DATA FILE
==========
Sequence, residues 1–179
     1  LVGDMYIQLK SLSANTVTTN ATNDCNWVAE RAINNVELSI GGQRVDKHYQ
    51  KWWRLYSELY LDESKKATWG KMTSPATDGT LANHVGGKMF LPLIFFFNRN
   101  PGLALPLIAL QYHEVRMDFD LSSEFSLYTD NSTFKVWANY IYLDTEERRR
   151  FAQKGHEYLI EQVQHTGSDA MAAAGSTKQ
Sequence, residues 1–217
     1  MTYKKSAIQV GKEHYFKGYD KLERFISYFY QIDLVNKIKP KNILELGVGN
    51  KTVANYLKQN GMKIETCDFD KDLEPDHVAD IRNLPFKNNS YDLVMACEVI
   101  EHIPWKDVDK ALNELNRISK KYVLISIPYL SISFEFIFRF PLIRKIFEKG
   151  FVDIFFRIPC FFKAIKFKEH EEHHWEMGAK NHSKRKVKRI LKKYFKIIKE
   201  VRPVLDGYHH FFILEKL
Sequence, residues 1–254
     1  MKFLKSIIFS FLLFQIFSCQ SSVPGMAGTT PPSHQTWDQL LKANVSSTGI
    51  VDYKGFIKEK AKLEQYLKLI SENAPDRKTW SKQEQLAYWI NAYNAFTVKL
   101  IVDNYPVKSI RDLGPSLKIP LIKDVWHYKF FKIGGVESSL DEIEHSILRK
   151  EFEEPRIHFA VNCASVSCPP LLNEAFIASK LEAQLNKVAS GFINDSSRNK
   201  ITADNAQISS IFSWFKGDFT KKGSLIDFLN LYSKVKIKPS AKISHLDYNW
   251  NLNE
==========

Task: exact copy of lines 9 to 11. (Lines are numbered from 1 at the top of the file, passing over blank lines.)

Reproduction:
   101  EHIPWKDVDK ALNELNRISK KYVLISIPYL SISFEFIFRF PLIRKIFEKG
   151  FVDIFFRIPC FFKAIKFKEH EEHHWEMGAK NHSKRKVKRI LKKYFKIIKE
   201  VRPVLDGYHH FFILEKL